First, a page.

FOR IMMEDIATE RELEASE
MARCH 31, 2022
One Year Later and UMWA Workers are Still Fighting for The Dignity They Deserve
[TRIANGLE, VA] Commenting on tomorrow’s one-year anniversary of the beginning of the strike at Warrior Met Coal in Alabama, United Mine Workers of America (UMWA) International President Cecil E. Roberts issued the following statement today:
“As a result of some poor decisions by upper management to purchase unprofitable foreign coal operations and a weak market for metallurgical coal, Walter Energy filed for Chapter 11 bankruptcy in 2015. American bankruptcy laws are written to allow companies to shed obligations to workers, vendors, the government, and everyone else. This bankruptcy followed that pattern at first. And then it got worse.
“Private equity came into the picture. At the demand of Apollo, Blackstone, KKR, and others operating as “Coal Acquisitions,” Walter Energy filed motions to terminate the UMWA’s collective bargaining agreement and asked that the mines be sold “free and clear.” The bankruptcy judge also terminated any obligation the company had to pay for retiree health care and pensions, putting Alabama retirees’ lives at risk.
“The new company that emerged from bankruptcy as Warrior Met Coal was not required to hire any of the current workforce. Apollo and its private equity partners finally did agree to bring the workforce back, but they forced the workers to accept a contract worse than any other union coal mine in the nation.
“The workers gave up more than $1.1 billion in order to pull the company out of debt. It was reasonable to assume that once the company became profitable, a fair and decent contract would be negotiated in 2021. But the corporate team Apollo left in place – the same team that drove the company into bankruptcy in the first place – appears to have no intention of doing that.
“Which brings us to today. Coal prices have skyrocketed, coal companies across the nation are getting record prices for their coal, yet Warrior Met has already lost more than a billion dollars in potential coal sales over the last year because it has refused to settle this. The company brought in high-priced, anti-labor law firms like Akin Gump to sit at the bargaining table instead of bringing back the skilled workforce that could increase sales by as much as a billion dollars a year at current prices.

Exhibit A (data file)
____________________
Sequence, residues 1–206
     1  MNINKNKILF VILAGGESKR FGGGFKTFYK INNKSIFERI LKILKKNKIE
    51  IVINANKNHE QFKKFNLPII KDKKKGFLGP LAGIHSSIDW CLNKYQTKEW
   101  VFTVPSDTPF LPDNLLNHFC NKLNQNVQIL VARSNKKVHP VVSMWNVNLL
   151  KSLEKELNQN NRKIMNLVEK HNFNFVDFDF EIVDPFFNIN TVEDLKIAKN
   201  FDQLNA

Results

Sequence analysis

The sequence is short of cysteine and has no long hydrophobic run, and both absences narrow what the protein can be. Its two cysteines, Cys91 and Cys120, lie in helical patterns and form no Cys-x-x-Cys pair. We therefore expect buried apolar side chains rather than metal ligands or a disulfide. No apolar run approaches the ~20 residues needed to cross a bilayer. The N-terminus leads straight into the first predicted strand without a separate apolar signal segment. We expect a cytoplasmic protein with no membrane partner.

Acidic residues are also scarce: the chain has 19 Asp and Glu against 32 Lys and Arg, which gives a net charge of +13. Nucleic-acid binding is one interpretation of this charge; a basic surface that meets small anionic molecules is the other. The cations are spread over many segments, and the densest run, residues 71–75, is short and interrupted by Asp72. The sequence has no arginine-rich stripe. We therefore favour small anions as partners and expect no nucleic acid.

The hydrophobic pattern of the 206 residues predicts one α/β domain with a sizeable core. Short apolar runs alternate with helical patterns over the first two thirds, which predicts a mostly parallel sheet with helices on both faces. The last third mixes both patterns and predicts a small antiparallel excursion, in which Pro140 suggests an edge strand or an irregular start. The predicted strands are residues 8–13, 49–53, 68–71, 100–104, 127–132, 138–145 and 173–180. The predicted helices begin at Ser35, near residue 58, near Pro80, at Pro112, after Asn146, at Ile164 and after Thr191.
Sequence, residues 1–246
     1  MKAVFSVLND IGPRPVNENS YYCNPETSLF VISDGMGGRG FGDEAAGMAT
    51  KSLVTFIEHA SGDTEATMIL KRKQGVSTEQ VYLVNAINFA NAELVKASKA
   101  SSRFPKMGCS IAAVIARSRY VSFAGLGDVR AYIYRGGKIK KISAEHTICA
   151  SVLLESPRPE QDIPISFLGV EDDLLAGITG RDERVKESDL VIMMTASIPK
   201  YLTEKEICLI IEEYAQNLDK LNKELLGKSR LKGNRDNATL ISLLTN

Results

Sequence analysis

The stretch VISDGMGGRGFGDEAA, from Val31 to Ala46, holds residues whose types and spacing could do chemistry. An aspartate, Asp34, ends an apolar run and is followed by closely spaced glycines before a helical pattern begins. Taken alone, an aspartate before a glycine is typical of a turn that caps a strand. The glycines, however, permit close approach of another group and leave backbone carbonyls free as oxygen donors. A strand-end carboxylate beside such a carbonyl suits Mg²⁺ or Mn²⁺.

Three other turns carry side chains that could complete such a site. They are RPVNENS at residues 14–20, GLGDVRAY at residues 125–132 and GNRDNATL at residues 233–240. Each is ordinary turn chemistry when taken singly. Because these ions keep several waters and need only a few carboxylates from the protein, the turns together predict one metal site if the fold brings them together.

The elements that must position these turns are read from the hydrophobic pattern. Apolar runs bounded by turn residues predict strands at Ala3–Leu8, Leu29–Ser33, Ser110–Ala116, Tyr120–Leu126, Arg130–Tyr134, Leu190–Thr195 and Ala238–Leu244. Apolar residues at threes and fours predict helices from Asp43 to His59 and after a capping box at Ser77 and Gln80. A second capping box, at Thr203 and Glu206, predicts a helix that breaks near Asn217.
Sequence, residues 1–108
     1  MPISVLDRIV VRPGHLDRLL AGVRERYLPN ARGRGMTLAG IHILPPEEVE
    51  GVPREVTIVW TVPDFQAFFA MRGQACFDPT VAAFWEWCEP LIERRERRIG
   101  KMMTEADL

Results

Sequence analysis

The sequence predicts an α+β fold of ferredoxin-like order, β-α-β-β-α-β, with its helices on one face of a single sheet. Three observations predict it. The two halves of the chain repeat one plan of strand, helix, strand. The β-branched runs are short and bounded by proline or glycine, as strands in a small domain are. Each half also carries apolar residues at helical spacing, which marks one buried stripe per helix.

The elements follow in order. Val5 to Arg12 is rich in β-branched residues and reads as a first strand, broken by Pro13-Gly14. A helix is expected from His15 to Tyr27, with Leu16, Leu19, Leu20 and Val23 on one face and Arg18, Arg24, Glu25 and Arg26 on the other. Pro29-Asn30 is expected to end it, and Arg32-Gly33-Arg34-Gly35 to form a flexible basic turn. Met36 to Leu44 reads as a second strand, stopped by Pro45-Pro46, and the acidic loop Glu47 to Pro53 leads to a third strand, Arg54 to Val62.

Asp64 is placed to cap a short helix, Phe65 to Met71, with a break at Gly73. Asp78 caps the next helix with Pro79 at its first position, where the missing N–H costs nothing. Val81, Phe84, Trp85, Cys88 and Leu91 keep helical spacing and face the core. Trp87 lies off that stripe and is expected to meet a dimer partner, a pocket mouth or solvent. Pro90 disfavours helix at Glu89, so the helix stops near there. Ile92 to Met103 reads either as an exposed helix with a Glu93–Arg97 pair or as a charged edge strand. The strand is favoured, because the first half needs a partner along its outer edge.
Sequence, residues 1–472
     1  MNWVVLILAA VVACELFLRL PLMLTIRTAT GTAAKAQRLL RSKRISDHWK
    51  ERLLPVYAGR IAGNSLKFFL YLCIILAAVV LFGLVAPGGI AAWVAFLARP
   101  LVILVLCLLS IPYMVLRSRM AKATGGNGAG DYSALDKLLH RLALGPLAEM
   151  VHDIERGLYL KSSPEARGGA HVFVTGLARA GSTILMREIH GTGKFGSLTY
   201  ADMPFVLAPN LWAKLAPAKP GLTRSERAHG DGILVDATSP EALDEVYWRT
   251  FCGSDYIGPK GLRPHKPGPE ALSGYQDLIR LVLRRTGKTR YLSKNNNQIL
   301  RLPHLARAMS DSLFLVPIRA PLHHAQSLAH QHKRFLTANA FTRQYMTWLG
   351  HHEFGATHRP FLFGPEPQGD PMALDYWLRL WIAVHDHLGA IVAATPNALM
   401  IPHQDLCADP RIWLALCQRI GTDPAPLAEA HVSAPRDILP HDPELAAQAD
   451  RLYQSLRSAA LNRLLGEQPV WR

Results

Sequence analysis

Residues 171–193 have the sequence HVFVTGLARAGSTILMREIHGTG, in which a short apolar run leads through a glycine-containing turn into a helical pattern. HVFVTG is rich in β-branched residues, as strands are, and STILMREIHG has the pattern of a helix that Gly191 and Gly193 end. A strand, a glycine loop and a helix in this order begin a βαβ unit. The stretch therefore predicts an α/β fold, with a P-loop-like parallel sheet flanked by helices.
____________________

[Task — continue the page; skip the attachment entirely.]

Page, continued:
“This is what happens when Wall Street comes to town. I am so sick of dealing with out-of-state lawyers who could care less about Alabama families and Alabama values. These workers have lived the last six years with abusive management, working six and sometimes seven days a week and little or no time for their families.
“Management is setting up the company to fail. Alabama workers are not going to work long for a coal company that pays less, offers fewer benefits, less vacation time, and forces miners to work more hours than the mines right down the road.
“Why would anyone want to work for Warrior Met? Since the beginning of the strike safety violations have skyrocketed and turnover rates are substantially increasing. They are spending money trying to recruit unskilled workers from West Virginia and Kentucky to work in these mines because no self-respecting Alabama miner would agree to work in these conditions.
“I have been at this a long time. I have negotiated contracts with just about every coal company that has been around the last 30 years, including contracts with difficult operators like Don Blankenship and Bob Murray. I remain prepared to do that at Warrior Met. But the company refuses to make any substantial changes to their offer which was rejected 95 percent to 5 percent last April.
“It’s time for the company to put aside the New York lawyers whose job it is to avoid reaching an agreement. It is time for the people who matter to come to the table and sit down for as long as it takes to resolve this. Stop holding these workers, their families, and their communities hostage. Let’s get a contract done here.”